J Paediatr Child Health 38:497–500PubMedCrossRef 34 Konstantynow

J Paediatr Child Health 38:497–500PubMedCrossRef 34. Konstantynowicz J, Bialokoz-Kalinowska I, Motkowski AZD8186 manufacturer R et al (2005) The characteristics of fractures in Polish adolescents aged 16–20 years. Osteoporos Int 16:1397–403PubMedCrossRef 35. Buttazzoni C, Rosengren EB, Tveit M et al (2013) Does a childhood fracture predict low bone mass in young adulthood? A 27-year prospective controlled study. J Bone Miner Res 28:351–59PubMedCrossRef 36. Cheng S, Xu L, Nicholson PH et al (2009) Low volumetric BMD is linked to upper-limb

fracture in pubertal girls and persists into adulthood: a seven-year cohort study. Bone 45:480–486PubMedCrossRef 37. Kawalilak CE, Baxter-Jones AD, Faulkner RA et al (2010) Does childhood and adolescence fracture influence bone mineral content in young adulthood? Appl Physiol Nutr Metab 35:235–43PubMedCrossRef”
“The balance between the benefits and the risks of any medical treatment, action for prevention, or diagnostic procedure lies at the heart of any clinical decision. In line with this, the European GANT61 solubility dmso Medicines Agency (EMA) recently set up a series of Good Pharmacovigilance Practices to reinforce procedures for surveillance and reporting of adverse events with authorised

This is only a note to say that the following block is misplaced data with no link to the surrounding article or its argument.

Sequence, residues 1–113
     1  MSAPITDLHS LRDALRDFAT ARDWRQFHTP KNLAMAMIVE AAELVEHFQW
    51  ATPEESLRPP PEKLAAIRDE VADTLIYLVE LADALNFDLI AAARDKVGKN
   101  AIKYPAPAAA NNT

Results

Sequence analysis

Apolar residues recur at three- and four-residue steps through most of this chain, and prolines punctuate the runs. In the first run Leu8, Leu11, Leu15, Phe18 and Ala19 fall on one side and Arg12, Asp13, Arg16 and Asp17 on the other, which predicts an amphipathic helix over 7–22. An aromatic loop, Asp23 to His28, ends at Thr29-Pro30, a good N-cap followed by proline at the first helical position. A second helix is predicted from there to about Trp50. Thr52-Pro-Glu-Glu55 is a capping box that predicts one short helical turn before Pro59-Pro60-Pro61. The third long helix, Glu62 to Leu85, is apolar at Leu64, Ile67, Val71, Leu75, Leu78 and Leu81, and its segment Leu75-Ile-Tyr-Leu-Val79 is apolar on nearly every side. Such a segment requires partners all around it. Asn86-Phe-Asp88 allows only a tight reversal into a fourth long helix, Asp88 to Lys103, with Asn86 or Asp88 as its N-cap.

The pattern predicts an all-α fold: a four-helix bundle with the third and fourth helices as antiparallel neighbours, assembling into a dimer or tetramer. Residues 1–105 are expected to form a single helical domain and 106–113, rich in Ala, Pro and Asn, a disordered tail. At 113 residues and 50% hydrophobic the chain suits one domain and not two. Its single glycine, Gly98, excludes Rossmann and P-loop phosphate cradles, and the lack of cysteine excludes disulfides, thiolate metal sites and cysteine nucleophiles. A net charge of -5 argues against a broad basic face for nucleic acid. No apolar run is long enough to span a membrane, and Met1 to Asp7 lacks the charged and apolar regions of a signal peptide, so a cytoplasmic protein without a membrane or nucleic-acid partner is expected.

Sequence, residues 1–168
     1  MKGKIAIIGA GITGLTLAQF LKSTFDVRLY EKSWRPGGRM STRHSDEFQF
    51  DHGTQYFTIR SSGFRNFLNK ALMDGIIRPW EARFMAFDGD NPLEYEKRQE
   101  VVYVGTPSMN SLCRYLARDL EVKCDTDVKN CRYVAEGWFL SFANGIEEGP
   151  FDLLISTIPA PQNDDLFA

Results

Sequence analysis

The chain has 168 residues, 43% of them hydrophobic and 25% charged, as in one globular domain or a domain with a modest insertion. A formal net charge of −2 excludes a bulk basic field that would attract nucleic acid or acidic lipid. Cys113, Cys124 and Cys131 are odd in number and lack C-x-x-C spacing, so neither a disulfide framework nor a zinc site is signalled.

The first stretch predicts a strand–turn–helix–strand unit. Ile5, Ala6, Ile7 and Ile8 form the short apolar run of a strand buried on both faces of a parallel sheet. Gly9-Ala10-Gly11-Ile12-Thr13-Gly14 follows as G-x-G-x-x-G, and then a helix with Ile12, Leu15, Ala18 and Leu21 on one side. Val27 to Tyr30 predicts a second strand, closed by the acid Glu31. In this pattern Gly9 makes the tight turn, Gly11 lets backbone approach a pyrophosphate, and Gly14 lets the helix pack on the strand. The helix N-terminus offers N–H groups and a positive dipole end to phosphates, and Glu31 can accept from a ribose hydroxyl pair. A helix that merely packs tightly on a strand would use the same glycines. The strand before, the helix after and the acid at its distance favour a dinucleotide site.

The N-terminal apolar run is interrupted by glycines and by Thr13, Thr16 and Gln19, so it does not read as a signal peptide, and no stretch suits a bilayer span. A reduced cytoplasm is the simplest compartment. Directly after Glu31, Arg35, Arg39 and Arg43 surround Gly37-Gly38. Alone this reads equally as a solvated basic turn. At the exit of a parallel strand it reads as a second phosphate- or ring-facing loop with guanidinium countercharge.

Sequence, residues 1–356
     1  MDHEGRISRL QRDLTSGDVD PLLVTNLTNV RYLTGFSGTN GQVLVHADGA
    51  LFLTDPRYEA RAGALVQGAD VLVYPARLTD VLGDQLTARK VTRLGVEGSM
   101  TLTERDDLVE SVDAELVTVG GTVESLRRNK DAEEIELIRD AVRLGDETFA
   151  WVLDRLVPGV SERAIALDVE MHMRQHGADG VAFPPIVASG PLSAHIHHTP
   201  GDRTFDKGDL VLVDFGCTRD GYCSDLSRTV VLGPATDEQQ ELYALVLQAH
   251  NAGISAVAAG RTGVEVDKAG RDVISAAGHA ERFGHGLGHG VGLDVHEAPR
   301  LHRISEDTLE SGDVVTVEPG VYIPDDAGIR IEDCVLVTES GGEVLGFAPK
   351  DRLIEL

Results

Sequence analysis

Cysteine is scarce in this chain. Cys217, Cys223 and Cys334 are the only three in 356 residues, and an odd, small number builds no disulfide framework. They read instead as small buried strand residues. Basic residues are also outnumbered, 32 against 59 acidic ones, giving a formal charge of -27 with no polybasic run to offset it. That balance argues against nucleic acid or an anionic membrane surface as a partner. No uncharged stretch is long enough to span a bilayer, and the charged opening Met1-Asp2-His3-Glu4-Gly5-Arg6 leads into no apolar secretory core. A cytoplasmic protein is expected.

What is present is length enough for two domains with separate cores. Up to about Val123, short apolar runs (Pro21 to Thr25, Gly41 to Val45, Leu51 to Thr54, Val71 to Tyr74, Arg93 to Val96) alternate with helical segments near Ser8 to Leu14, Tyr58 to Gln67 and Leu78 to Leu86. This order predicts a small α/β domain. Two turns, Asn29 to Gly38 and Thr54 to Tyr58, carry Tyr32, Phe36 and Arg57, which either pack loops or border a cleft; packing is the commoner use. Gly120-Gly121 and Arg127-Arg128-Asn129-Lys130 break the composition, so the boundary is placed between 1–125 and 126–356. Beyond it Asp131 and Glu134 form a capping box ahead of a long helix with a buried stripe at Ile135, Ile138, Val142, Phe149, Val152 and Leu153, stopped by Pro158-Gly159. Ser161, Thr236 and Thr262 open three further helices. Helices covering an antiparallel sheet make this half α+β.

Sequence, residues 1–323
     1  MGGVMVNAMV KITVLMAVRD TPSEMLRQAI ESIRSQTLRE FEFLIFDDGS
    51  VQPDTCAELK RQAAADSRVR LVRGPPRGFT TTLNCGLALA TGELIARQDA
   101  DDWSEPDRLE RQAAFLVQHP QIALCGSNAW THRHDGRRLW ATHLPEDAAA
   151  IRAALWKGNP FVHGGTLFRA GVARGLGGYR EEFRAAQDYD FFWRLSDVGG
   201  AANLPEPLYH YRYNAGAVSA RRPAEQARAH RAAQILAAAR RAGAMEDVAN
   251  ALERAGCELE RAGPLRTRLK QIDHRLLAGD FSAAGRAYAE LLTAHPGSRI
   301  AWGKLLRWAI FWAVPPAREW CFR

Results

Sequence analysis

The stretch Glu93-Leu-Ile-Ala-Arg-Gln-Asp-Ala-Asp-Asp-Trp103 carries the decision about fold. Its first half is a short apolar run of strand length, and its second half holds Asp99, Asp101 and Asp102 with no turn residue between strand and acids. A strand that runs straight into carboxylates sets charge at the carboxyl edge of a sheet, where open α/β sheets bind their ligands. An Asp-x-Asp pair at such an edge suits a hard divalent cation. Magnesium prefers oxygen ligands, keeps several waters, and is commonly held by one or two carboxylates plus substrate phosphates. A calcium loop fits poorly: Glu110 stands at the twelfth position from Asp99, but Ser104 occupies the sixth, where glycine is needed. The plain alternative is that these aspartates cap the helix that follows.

medical products [1]. These new regulations are currently being applied throughout all EU member states. In this context, MycoClean Mycoplasma Removal Kit the GM6001 molecular weight safety of all centrally registered drugs is closely monitored by the EMA through a new committee, the Pharmacovigilance Risk Assessment Committee (PRAC), which was launched in October 2012. The procedures include regular submission of periodic safety update reports (PSURs). Naturally, treatments in osteoporosis are no exception to these regulations. In November 2012, the PSUR for strontium ranelate, which encompassed a number of new randomised clinical trials, included an updated assessment of the overall safety of the treatment and was submitted to the

PRAC in accordance with the regulatory schedule. The overall safety analyses showed an increased cardiovascular risk in patients treated with strontium ranelate [2]. This ongoing process has led to a label change, and, in order to mitigate the cardiovascular risk, strontium ranelate is now contraindicated in patients with a history of cardiovascular disease, i.e. in patients with a history of ischaemic heart disease, peripheral artery disease, and/or cerebrovascular disease and in those with uncontrolled hypertension. As a precaution, patients should now be evaluated for cardiovascular risk before starting treatment with strontium ranelate and at regular intervals during treatment. In the light of these procedures, the results of two new studies that recently became available are published together in this issue of Osteoporosis International [3, 4].

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